Guidance from NHS England that doctors may lawfully use video assessments during the pandemic to decide whether patients should be detained in hospital under the Mental Health Act was wrong, two High Court judges have ruled.
The act makes it a legal requirement that doctors must “personally examine” a patient before recommending detention. A code of practice requires “direct personal examination of the patient and their mental state.” But guidance from NHS England just after the start of the first lockdown last March said that “temporary departures from the code of practice may be justified in the interests of minimising risk to patients, staff, and the public.” Revised guidance in May 2020 included a section drafted jointly by NHS England and the Department of Health and Social Care for England (DHSC) “for use in the pandemic only.” This stated, “It is the opinion of NHS England and NHS Improvement and the DHSC that developments in digital technology are now such that staff may be satisfied, on the basis of video assessments, that they have personally seen or examined a person ‘in a suitable manner.’ ”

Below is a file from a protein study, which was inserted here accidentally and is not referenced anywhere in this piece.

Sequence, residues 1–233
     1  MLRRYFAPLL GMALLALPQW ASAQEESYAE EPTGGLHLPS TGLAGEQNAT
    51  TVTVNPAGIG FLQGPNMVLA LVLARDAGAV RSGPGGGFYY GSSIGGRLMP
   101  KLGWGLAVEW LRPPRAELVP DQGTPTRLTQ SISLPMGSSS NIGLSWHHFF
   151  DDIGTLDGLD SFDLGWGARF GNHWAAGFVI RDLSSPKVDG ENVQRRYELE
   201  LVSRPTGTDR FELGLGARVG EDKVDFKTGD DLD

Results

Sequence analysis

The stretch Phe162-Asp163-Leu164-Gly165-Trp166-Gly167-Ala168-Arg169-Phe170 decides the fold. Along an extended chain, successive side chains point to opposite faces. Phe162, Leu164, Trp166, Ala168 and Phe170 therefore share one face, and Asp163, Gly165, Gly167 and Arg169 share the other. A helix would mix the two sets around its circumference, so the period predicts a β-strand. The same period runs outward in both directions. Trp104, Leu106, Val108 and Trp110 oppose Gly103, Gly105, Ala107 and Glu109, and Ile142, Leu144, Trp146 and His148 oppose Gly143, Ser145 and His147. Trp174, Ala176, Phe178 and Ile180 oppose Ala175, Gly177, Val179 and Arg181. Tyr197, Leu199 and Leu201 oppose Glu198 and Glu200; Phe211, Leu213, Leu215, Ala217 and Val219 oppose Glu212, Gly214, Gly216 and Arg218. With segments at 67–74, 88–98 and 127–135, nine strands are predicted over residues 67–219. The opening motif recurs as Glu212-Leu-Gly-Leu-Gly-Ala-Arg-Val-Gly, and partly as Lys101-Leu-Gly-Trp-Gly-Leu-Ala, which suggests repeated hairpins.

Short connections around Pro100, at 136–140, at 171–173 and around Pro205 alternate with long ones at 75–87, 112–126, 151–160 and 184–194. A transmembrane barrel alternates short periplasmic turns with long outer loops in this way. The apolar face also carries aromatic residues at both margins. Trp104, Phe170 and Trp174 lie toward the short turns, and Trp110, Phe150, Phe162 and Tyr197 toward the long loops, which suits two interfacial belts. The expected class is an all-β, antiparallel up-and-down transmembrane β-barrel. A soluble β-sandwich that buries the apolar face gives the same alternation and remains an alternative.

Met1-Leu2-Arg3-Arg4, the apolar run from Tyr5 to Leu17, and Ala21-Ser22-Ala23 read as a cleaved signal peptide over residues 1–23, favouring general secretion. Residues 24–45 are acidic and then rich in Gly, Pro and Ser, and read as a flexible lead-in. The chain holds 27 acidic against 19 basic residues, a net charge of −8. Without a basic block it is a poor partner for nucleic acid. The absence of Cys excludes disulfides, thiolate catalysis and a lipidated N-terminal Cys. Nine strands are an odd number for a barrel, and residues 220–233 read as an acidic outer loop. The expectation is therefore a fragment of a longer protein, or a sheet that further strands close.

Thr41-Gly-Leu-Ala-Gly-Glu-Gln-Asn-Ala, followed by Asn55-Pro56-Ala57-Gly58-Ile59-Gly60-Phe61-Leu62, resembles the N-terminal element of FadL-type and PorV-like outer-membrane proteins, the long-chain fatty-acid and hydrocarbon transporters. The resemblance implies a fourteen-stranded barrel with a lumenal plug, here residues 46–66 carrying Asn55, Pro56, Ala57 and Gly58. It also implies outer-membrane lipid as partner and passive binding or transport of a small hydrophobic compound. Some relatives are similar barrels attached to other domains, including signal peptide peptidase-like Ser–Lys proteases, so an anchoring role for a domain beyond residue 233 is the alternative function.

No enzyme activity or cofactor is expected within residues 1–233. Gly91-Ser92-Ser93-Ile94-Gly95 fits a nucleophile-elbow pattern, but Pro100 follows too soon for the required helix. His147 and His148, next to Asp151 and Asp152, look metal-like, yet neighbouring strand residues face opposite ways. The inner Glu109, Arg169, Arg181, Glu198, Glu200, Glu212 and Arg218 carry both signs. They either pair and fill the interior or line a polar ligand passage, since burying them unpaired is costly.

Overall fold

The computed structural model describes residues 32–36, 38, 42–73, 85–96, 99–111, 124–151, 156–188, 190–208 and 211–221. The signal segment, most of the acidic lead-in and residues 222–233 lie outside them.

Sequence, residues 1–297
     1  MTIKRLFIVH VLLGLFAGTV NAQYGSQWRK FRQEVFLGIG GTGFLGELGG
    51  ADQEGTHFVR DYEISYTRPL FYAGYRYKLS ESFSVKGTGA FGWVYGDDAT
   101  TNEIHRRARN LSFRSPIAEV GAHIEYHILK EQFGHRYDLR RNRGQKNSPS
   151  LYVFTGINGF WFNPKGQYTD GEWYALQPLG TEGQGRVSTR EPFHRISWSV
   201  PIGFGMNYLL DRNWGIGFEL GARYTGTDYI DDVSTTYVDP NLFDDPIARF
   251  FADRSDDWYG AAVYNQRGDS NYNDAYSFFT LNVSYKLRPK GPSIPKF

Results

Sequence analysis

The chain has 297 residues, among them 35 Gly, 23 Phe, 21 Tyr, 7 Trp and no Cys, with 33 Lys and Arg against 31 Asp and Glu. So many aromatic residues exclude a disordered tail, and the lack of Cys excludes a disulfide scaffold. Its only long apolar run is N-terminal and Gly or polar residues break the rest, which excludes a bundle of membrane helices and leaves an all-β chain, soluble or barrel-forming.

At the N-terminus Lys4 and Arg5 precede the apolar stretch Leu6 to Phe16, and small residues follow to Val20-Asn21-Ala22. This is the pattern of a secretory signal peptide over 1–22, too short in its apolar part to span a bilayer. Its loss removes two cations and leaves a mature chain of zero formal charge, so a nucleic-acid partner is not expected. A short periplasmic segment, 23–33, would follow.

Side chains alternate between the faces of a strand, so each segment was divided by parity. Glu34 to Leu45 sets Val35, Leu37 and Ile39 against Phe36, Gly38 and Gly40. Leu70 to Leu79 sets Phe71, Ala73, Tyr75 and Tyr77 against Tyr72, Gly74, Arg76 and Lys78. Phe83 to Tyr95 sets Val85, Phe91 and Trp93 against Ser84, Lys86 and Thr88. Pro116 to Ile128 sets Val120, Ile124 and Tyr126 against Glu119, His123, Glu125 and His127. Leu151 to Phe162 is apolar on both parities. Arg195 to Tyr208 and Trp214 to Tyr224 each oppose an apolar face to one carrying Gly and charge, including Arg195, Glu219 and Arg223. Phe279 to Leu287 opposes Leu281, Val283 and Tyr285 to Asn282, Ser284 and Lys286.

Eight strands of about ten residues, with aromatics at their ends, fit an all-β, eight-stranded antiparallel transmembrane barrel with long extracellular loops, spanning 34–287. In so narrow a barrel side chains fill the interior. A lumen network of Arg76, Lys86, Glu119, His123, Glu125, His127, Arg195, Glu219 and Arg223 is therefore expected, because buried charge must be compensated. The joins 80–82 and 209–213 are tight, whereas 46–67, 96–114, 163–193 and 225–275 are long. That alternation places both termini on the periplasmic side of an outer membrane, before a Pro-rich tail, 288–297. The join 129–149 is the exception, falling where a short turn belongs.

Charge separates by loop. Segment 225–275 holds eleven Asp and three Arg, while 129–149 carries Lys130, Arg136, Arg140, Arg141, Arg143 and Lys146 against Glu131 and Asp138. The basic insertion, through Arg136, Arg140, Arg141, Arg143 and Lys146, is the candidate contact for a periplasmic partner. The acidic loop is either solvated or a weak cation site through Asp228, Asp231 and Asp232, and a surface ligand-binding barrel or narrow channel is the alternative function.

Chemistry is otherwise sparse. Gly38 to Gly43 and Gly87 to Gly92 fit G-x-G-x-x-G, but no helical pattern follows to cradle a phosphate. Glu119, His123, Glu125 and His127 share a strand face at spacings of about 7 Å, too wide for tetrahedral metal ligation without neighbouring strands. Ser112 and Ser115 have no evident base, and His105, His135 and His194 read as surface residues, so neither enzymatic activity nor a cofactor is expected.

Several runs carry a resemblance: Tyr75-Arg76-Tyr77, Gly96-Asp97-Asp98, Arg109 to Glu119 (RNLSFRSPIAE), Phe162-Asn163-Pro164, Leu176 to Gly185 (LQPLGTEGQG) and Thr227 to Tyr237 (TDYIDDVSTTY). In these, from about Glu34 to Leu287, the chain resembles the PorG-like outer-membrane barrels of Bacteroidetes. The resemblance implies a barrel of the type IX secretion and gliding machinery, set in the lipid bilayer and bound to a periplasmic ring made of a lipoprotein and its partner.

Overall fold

The guidance added, “While NHS England and NHS Improvement and the DHSC are satisfied that the provisions of the Mental Health Act do allow for video assessments to occur, providers should be aware that only courts can provide a definitive interpretation of the law.” It went on, “Even during the COVID-19 pandemic it is always preferable to carry out a Mental Health Act assessment in person. Decisions should be made on a case-by-case basis and processes must ensure that a high quality assessment occurs.”
Source: BMJ, 25 January 2021